Category Archives: Odd Thoughts

Happy Anniversary


Happy anniversary Lefty—it’s been one year since you died. It’s been a year since we buried you under the new maple tree, and then the winter came and buried you again in all that snow. Dang, though, how the flowers bloomed there in the spring. This summer was hot—you would’ve hated it. I would’ve had to finally get you that haircut everyone was always asking about. I never did touch your hair, though. It was too perfect the way it was. Au naturale was how you rolled.

Your brother Duke moved in 4 blocks away. You could’ve partied together daily! But your buddy Riley, he died in the spring. Both of you gone too soon.

I miss going skating with you. I miss using you as a footrest. I miss catching all the love beams you were always sending my way—always watching me, constantly keeping your eye on things, forever making sure I was safe and more importantly that I wasn’t gonna leave you behind. I’m not going anywhere, boy, I’m right here.


Lefty at the river. 


Lefty at the fire lookout. 


Lefty at the skatepark. 


Lefty at the desert lake.


 Lefty and me forever. 

99.2% Eclipse Of The Heart


The eclipse. THE ECLIPSE! Did you see it? How could you not. I did’t transport myself to the line of totality, although many friends did. The world, for now, is divided between dids and didn’ts. I don’t have totality FOMO, though, because I’m one of those people who takes crazy pleasure in the simple and everyday. The velvet down of our pup’s big ol’ bug-catcher ears. Sandwiches on sourdough. Golden hour in the backlit woods.

All the good things, all the time.

Anyway, Monday morning was just your average 99.2% eclipse of the sun, viewed from the park by our house, with friends, with neighbors, with coffee. A community gathering, of sorts, to worship the cosmos. In another lifetime, we woulda been Druids ’neath the Henge.

My favorite part, besides the deepest, softest quiet that descended on the city, was the ice-cold breeze that kicked up when the eclipse peaked. In the movies, a wind like this would portend strange doings afoot—a wicked change of fate, otherworldly powers. In real life, it was just a brief blackout of life-giving Ultraviolet rays. Simple science. Unless … ?


Best Day Ever


I believe in everyday fun, but hard work and purpose are at the heart of who I am. So when I tried to think about which, of all the great days from this summer, was the very greatest, one day kept coming back to me.

Three Rivers, Oregon. I woke up in the woods in a ’56 canned ham trailer. The dog was wedged in between our sleeping bags and the sunlight was everywhere. We ate thick bread with tomatoes, avocado and olive spread and drank our coffee black from the percolator, as we do. A dog walk to the Deschutes River revealed ghostly flyfisherman standing in quiet pools. The smell was dry dirt and pine sap. It was a very summer-in-the-mountains smell that I know from my wildchildhood in the Colorado high country.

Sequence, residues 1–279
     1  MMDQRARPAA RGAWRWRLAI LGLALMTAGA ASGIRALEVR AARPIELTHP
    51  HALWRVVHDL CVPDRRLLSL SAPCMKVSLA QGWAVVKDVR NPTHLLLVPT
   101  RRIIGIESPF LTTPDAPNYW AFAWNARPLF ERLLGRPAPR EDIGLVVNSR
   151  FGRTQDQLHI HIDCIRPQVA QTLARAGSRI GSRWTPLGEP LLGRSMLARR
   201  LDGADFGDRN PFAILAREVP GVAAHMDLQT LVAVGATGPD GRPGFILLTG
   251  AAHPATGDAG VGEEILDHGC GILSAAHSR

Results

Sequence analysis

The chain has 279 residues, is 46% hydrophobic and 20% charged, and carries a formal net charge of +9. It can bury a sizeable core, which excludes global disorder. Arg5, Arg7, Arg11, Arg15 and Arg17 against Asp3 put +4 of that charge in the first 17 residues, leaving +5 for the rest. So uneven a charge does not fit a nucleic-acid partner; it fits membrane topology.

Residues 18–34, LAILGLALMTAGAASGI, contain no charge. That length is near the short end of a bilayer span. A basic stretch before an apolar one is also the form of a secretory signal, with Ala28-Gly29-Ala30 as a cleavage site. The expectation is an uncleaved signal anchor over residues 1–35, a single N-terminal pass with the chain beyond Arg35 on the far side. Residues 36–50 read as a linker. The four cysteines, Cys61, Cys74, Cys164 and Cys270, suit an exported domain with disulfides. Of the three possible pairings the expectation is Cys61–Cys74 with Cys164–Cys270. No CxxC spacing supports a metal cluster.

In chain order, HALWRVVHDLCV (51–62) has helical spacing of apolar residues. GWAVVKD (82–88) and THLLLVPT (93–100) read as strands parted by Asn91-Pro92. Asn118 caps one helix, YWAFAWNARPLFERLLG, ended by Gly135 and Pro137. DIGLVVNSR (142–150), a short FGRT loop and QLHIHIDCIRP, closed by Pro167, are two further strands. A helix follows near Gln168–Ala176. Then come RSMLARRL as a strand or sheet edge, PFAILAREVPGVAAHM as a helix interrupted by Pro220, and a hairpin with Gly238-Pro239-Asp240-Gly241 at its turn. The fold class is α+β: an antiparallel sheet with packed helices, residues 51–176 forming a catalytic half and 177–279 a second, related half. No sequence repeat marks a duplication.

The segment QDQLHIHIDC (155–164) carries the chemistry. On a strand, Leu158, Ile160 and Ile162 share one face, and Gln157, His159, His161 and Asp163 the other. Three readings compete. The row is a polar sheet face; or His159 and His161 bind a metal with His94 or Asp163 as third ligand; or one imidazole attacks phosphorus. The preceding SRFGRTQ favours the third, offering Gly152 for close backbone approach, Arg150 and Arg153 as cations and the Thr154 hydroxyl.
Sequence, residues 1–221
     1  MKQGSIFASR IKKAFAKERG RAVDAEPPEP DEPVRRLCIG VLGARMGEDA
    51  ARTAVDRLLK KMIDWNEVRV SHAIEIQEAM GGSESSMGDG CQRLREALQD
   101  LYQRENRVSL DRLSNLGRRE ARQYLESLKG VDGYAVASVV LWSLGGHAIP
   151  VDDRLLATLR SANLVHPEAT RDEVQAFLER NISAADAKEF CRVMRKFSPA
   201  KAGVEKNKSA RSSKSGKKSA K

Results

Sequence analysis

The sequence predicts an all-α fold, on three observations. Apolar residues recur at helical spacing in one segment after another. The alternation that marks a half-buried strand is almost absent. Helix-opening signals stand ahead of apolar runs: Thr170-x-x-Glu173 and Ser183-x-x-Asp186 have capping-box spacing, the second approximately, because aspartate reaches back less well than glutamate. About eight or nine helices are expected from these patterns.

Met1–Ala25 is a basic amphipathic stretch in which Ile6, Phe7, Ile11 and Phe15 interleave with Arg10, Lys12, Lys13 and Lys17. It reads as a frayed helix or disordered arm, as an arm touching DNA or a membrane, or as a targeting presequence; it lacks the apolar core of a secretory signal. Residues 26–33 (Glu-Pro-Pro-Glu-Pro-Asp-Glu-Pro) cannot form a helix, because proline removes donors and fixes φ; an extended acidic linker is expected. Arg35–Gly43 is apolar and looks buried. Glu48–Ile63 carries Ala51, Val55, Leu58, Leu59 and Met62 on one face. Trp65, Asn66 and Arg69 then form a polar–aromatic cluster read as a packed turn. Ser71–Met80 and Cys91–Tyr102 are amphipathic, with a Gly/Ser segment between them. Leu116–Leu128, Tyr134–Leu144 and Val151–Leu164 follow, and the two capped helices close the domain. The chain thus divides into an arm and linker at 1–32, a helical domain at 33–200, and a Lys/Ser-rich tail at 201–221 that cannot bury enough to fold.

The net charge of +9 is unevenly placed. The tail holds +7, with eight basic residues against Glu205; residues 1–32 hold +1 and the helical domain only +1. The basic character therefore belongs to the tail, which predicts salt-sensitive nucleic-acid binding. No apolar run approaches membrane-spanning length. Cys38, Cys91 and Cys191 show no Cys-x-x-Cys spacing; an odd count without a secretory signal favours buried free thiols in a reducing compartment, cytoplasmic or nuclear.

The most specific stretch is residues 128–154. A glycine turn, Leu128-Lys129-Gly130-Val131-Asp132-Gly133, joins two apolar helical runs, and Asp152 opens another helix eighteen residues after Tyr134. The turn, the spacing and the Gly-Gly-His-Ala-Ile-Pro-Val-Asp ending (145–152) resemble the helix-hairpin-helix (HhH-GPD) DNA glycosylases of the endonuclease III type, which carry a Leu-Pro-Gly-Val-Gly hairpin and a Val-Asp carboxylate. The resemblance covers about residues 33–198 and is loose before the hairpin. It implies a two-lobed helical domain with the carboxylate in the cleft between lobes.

After the walk, we went to work on the property digging fence posts until the early afternoon. This involved the hauling of lumber, the gathering of water, the measuring, the digging of holes and the mixing of Quikcrete. One by one, we set the posts, and as the fence got longer, the pile of lumber got shorter. It was such a satisfying task out there in the hard, dry heat and made me feel so positively tired and good, the way sitting at my desk type type typing never does—although I love that too in a different way.



After working, we went back to the river and swam for hours. The cold water and warm sun felt so great, even now I can feel that exhilaration of opposites. The local country folk floated by on large constellations of innertubes and cheers-ed their beers at us. It was the very definition of a summer day, and I’m gonna stick it in my cap of fine pure moments from summer and beyond. It’ll be there whenever I need it, forever, I reckon.

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On another note, because—hey, this world is crazy (and how lucky am I to have had even one lovely summer day?)—I thought it was worth saying explicitly, like, out loud:

I do stand for love. I do stand against hate. I do stand against anyone who espouses supremacy over another human being. My grandparents fought the Nazis. My great grands emigrated from Poland to get away from the Nazis. In my work, in my family, and in my life, I’m intolerant of intolerance, and moving away from fear and paranoia is my default state. Thanks for reading. Thanks for being a member of the human race!

Go Skate Season


Summer resolution: prioritize skateboarding. The less I do it, the less I feel like doing it. This is true of anything you love that takes effort but ultimately gives you a higher purpose. When I think about life, and especially life in the summertime, some of my best memories are of skating, sweating it out in the heat with my buds. Of course, these memories are all wrapped up in everything that makes skateboarding great. Hanging with friends and laughing. Being outside under the big, bright sky—sun showering down, a glimpse of cottonwood fluff on the breeze. Doing something active and fun, something that’s hard and you have to practice at, something that makes you fall down and get back up again in a way that lets you realize your own freedom and power.